France to hand back paintings looted by Nazis

The decision comes after an appeals court in Paris on Wednesday overturned a lower court's decision not to hand back the works.

Published: 01st October 2020 07:29 PM  |   Last Updated: 01st October 2020 07:29 PM   |  A+A-

The Jewish family was forced to sell them as they fled the Nazis (File | AFP)


PARIS: The French government agreed Thursday to hand back three looted paintings to the heirs of a Jewish collector who died in a German concentration camp.

The canvases by Fauvist Andre Derain were once owned by the renowned Parisian gallery owner Rene Gimpel, who was denounced by a rival dealer after joining the Resistance to fight against Nazi occupation and France's collaborationist Vichy government.

The decision comes after an appeals court in Paris on Wednesday overturned a lower court's decision not to hand back the works.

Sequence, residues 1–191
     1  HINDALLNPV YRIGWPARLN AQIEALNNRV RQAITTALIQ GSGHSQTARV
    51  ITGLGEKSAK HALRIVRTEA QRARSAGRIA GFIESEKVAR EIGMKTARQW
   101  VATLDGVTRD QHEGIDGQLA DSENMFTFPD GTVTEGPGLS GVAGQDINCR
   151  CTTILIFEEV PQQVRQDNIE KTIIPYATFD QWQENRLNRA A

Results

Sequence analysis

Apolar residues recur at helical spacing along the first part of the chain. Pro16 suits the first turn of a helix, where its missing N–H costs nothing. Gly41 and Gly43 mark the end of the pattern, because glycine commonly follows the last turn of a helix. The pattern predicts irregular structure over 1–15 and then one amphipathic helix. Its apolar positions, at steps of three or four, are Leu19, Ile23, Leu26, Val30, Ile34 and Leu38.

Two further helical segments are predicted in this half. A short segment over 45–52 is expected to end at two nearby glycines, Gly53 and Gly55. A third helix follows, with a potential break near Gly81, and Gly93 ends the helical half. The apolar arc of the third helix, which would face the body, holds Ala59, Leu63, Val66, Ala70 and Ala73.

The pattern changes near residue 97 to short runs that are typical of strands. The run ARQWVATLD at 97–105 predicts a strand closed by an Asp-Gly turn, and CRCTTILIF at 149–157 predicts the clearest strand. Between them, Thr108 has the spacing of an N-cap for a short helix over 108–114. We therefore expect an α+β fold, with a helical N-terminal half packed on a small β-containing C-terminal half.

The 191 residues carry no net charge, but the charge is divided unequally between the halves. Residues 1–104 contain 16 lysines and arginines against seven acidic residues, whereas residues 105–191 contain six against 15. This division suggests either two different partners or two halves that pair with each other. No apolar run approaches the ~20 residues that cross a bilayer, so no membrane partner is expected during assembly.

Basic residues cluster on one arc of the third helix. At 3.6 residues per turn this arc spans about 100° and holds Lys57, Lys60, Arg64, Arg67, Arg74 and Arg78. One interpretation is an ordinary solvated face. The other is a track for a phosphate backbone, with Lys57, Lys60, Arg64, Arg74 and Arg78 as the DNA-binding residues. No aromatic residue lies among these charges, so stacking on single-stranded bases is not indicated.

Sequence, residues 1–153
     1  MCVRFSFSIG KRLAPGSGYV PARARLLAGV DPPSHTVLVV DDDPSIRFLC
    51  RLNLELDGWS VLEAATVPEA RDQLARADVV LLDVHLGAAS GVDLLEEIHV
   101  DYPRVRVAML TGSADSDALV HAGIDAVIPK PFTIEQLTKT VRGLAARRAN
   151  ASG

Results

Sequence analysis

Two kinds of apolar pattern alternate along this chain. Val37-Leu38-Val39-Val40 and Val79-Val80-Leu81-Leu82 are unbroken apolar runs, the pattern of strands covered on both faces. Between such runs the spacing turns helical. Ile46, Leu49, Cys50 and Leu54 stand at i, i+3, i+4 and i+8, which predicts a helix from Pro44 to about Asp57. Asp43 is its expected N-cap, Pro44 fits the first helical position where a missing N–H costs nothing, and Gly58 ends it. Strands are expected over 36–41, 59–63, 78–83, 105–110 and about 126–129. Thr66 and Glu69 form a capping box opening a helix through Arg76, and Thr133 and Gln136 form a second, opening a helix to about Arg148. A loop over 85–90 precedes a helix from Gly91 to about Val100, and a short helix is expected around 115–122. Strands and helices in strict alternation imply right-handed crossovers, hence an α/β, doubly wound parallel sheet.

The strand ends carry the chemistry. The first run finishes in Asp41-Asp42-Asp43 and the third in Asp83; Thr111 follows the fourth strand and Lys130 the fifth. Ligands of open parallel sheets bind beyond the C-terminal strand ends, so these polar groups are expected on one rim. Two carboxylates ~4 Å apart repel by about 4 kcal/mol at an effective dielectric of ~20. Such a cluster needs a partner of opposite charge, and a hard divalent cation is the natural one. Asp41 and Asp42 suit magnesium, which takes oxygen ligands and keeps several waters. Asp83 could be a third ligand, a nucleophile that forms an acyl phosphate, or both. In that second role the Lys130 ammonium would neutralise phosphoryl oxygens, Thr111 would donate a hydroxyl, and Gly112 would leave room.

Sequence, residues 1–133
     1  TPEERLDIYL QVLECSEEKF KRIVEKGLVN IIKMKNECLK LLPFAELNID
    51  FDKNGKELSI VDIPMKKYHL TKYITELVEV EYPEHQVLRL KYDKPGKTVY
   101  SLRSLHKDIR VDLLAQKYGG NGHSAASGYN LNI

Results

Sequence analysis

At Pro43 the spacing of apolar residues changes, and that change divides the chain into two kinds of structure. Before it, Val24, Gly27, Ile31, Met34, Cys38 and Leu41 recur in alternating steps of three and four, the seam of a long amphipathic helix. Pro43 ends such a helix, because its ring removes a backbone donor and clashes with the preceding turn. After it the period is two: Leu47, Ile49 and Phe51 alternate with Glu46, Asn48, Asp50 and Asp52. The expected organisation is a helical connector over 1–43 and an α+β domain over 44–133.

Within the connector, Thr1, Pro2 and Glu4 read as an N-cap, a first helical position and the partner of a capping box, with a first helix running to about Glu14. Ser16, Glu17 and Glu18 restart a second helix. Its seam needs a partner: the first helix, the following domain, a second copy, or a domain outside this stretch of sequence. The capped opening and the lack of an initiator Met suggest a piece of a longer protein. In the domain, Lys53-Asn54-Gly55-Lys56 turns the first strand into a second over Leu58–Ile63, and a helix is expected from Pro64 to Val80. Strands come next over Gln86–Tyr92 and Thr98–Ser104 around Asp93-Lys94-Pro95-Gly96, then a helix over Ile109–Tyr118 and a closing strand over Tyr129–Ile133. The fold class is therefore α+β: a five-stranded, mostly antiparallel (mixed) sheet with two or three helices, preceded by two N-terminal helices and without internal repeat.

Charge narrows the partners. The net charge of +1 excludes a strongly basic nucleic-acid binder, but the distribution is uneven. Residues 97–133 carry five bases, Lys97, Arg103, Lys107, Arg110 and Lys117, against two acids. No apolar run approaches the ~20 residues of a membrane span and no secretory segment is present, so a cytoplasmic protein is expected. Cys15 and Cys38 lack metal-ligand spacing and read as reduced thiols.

They are housed at the modern art museum in Troyes and the Cantini museum in Marseille.

The works, painted between 1907 and 1910, were taken as spoils when Gimpel was arrested.

The lower court had found there were doubts about the authenticity of the paintings, but appeals judges said there were "accurate, serious and consistent indications" that the works were the same ones taken from Gimpel.

"This is great," said Corinne Hershkovitch, a lawyer for Gimpel's heirs, who are still trying to recover other works in his collection.

"The court agreed on the points we put forward and we are very happy to be recognised," she said.

Gimpel, who was of Jewish descent, was a prominent art collector in the early 20th century. Active in the Resistance, he fled Paris early in World War II and headed for the French Riviera.

He was arrested in 1944 and deported to Neuengamme concentration camp near Hamburg, Germany, where he died the following year.

France has stepped up its efforts to return art looted by the Nazis after an internal government report in 2018 criticised the "inefficiency and lack of ambition" of official efforts to return art taken from Jews.

Officials are now using genealogical experts and specialist researchers to trace families so treasure can be returned to their rightful owners.



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